I saw this book at a friend’s house, and since I am both a lover of books and a fan of Larry Crabb, I read through this book. It feels very much like Larry Crabb, as there is a lot about pain. He shares about his pain, about other peoples’ pain. About halfway through, I wondered if he had made any progress in the years since Finding God, since he was still talking about deeply suffering. Upon examining the older book, however, it is clear that he has definitely come farther. Finding God shows our unhealthy patterns of relating to God, and moving from doubting God in our pain to trusting in His goodness. Shattered Dreams, however, says something more radical: our shattered dreams are necessary.

Through the story of Naomi, Crabb explores what shattered dreams produce. Our current cultural mindset is that pain is to be avoided, so we have drugs and other instant-fixes. These instant-fixes create an addiction, as we try to satisfy the longing. God longs that we would have the amazing joy that comes from enjoying Him, yet we settle for trying to fill our second-class desires, thinking that it will fulfill us. So God either allows or causes our dreams to shatter. We know that He could have prevented it, so we get mad at Him. But if we learn to trust Him in it, we discover that our heart has a deeper longing, a longing to encounter and to relate to God.

I found the book intruiging because it mirrored my experience with God recently. Instead of giving me a wife to satisfy my longing for intimacy, he has let me wait. After 10 years of being mad at God, it finally occurred to me that this approach wasn’t working and asked Him what He thought about my situation. He responded by revealing the Holy Spirit and through him his love through Psalms and experiences. As I learned His love for, I was able to trust Him more, and as I slowly trust Him more, I can give myself to Him more, and as I give myself to Him more and more completely, I experience more and more of His love, to the point where I can say with the psalmist “Your love is better than life.”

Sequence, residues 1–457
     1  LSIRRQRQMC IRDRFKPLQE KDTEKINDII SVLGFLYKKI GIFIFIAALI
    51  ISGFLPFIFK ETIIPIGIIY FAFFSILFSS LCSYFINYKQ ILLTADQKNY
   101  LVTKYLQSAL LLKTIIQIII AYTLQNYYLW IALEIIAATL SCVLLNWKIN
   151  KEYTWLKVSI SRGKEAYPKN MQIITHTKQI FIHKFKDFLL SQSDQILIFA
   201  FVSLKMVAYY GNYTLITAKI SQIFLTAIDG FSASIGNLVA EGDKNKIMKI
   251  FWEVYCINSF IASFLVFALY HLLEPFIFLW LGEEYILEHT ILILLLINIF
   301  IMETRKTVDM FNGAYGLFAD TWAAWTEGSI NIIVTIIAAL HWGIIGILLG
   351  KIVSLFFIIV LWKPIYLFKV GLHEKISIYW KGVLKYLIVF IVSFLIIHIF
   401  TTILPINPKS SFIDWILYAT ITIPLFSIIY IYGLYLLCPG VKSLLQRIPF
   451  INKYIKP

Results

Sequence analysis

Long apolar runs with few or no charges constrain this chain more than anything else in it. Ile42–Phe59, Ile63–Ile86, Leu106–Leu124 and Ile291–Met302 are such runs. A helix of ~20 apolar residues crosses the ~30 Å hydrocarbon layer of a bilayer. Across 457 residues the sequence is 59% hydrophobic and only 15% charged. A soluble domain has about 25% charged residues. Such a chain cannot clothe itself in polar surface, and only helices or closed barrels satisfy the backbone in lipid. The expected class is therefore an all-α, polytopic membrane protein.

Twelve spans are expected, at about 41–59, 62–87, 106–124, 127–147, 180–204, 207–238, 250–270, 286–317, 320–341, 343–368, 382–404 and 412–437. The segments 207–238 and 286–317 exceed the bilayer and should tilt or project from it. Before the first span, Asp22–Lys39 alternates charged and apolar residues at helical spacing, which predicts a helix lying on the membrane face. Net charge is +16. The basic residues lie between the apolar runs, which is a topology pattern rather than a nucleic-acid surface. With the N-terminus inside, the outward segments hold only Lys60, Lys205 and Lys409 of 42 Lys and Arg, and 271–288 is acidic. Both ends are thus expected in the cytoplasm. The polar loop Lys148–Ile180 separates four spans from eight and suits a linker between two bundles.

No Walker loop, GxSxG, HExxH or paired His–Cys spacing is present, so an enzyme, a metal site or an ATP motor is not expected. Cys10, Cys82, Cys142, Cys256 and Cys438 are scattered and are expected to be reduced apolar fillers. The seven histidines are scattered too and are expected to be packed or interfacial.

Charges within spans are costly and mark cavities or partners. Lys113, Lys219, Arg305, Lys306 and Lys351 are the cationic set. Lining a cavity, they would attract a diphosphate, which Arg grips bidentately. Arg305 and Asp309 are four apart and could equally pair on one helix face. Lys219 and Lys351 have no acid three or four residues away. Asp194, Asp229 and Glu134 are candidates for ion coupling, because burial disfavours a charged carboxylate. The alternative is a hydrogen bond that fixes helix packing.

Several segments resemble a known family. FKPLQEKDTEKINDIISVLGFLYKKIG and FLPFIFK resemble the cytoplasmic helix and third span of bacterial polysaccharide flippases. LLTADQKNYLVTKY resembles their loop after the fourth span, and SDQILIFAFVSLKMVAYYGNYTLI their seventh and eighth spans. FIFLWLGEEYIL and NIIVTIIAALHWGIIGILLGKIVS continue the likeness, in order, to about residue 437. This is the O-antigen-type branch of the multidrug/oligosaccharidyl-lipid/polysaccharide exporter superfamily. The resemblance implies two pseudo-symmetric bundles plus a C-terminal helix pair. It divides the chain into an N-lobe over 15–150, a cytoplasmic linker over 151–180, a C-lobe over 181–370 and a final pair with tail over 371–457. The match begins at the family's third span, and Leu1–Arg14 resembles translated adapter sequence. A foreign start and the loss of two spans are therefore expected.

I felt that Crabb takes some liberties in projecting feelings onto Naomi that the text does not warrant, although I do think that he is right in portraying how she moves from being bitter and mad at God to discovering that He is truly Good. Crabb also belabors the point of our pain a bit much. He talks about the problem with satisfying ourselves with secondary desires for most of the book in one way or another. He constantly reminds us that the goal is that we enjoy God’s Presence and Joy, yet only briefly talks about that in the last chapter. Basically, I think the book is about 50% too long, and needs more about God’s Presence, although I guess since God has already led me through the process in the book, perhaps I am not the intended audience...

Crabb is very insightful in seeing what we want and how we try to fill that desire. I would be surprised if anyone can read through the book without seeing themselves in it, or without seeing a little more of why they do what they do. I feel like this will be a really helpful book if you are in a place where your dreams are shattered or at least not coming true, where you have worked through your sin enough to realize that there is a deep problem, but are not sure why or if this will ever end. Too much earlier and there is a risk you may not understand what he is talking about (but, it certainly can’t hurt!). But in that time, this will be an invaluable insight into your addictions and the way out.
Review: 8
Good and insightful content, lots of really pithy lines. Belabors the point too much, though, and should be more condensed. Also, having only one small chapter on experiencing God is a bit disappointing. It makes me wonder if he has fully experienced it yet (as of the 2001 writing), which makes me interested to read Crabb’s subsequent books.